Fantastic article. Thanks for posting.Ignatius article:
This has changed through the years. I believe the current policy is that you can watch all three boys games (and all three girls games) on a single ticket...if you stay in the stadium (separate ticket for girls on Saturday and boys on Sunday). Food prices are pretty high, and there's a parking fee as well. Hoping for some great games!Does anyone know if they clear the stadium between games or can I see all three with one ticket?
Happens in soccer at all levels. Even the USMNT has to deal with this when they are going through World Cup qualifying. A lot of those Latin American fields are really strange dimensions at times. Soccer might be one of the few sports which give minimum and maximum dimensions, versus standard ones.The big question every year: is it okay to change the playing field dimensions for state? I know baseball stadiums have different home run fences but they see it throughout the season and is not even comparable to the dynamics of soccer.
But the matching Division 1 girls state title went to a closed public school, and last year's boys Division 1 state game had a closed public school beating a private Catholic school team...the argument tires quickly when you can only make the point by ignoring when the same circumstances had the outcome you wanted.All-star team beats a Public School. shocking. Not taking anything away from the team and the players they are well coached and very talented...just not very surprising.
I agree and if Moeller pulled a couple more high level club players from Lakota East, Mason and others they would be able to give them a run for the money.But the matching Division 1 girls state title went to a closed public school, and last year's boys Division 1 state game had a closed public school beating a private Catholic school team...the argument tires quickly when you can only make the point by ignoring when the same circumstances had the outcome you wanted.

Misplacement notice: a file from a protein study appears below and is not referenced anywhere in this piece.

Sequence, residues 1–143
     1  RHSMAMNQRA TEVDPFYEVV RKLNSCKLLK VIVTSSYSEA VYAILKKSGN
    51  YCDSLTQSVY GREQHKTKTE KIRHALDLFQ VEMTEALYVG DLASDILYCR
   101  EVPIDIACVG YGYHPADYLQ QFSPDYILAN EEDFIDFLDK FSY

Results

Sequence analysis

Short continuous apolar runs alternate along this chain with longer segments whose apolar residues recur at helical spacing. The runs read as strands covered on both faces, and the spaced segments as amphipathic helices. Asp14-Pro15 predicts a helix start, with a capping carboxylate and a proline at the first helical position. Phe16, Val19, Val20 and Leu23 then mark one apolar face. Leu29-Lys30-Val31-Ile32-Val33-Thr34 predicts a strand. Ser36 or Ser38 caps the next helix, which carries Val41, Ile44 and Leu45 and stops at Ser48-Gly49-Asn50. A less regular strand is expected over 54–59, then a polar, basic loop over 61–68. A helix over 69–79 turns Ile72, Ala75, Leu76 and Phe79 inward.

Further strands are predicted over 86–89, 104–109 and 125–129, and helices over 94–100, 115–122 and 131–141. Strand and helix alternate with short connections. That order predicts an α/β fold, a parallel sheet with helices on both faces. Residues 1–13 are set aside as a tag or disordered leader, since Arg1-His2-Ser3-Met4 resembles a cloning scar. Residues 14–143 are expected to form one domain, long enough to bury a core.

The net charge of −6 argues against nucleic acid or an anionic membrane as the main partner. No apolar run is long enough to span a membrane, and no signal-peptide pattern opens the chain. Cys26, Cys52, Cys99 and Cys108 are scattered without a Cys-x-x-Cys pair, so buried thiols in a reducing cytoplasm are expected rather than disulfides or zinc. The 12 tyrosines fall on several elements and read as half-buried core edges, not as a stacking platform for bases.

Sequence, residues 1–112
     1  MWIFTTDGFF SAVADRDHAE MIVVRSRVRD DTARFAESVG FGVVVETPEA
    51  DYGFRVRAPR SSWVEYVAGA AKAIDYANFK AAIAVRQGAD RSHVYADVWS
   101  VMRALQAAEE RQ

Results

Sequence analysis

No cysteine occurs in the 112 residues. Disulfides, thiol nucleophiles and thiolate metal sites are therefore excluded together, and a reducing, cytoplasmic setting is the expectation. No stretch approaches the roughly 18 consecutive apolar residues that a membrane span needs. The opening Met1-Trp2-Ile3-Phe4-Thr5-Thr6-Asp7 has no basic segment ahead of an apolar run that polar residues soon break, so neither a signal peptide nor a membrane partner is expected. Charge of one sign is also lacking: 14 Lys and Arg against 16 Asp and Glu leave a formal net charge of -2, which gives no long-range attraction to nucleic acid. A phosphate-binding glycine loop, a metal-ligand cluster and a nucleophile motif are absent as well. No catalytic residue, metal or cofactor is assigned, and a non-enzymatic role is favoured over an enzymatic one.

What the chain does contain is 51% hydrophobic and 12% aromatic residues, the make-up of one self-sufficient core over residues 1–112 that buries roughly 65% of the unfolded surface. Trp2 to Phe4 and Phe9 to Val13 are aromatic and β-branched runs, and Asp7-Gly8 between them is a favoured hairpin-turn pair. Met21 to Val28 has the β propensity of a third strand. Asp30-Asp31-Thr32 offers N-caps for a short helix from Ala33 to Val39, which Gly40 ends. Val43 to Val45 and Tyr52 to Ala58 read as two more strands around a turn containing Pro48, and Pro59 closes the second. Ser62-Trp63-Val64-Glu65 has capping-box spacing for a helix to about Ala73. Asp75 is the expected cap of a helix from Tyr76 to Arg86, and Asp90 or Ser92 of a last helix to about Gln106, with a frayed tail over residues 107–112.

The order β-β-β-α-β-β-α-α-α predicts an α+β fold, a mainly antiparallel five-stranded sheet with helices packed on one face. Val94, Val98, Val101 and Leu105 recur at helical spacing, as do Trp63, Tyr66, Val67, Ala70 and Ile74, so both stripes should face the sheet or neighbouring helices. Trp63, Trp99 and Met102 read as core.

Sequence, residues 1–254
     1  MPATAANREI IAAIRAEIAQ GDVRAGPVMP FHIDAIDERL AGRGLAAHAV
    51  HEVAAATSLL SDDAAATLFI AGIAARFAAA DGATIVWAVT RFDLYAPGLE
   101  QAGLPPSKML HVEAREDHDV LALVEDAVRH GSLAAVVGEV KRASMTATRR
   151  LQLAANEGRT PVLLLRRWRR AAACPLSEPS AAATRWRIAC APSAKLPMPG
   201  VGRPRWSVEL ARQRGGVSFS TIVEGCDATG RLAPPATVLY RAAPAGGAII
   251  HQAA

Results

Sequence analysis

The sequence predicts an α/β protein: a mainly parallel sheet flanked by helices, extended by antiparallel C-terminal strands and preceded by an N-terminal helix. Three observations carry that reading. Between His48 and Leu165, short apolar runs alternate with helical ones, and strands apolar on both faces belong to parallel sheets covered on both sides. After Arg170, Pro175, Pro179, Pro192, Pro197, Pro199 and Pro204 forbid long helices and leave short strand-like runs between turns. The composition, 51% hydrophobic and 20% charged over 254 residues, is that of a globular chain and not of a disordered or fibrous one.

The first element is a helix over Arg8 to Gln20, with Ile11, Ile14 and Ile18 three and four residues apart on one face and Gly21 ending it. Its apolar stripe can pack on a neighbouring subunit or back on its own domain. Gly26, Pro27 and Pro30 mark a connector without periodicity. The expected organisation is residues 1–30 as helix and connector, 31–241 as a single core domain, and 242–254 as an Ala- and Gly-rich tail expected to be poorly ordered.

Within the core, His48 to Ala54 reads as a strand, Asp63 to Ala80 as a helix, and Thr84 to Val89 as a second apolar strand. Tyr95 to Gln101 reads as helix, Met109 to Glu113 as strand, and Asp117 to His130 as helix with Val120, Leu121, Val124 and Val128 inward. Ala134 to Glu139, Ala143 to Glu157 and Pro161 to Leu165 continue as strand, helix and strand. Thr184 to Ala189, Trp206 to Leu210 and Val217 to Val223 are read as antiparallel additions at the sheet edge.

I agree and if Moeller pulled a couple more high level club players from Lakota East, Mason and others they would be able to give them a run for the money.
It happens - Big public schools with good programs compete, but St Iggy has been at a different level most seasons over the past decade. (kinda like summit in D3)
Very appropriate decision. Fantastic that these two teams played...and truly an awesome game by both squads. Congratulations to St. Ignatius.Top Drawer Soccer just named St. Ignatius Co-National Champs (along with St. Benedict, who they tied earlier in the year):
A regular season tie between these powerhouse programs leads to a Co-No. 1 boys soccer finish with St. Benedict's (N.J.) and St. Ignatius (Ohio).www.topdrawersoccer.com
Medina has also had a youth and travel program going way back. I believe Rangers appeared back in the late 70s? Maybe before that. They've had their own soccer specific high school stadium since the early 90s. 25 years later most schools still can't say that. It's always been huge there. Always will be.Medina has been a major power in NEO the last few years. I once thought the difference might be in the schedule,as Ignatius has a much more difficult one. However, Medina knocked them out the previous two years. The Ignatius soccer program was nothing until Mike McLaughlin took over and changed the atmosphere and the attitude of the school toward soccer. He built a program while fighting the stigma from football fans and alumni who had never paid attention to soccer. Public schools can build their programs by taking a page from the Medina program, which starts their kids at an early age and brings them up in a system. Countless kids play soccer in Medina - the fields are filled. But, talent alone doesn't assure winning - look at the Browns. It's the coaching - making the kids believe in themselves and stressing the team aspect. Of course it might be easier with talented kids, but you run into other problems - egos, parents, etc. Medina and Mentor in football have shown how public schools can develop talent and win consistently. Nothing but respect for those programs.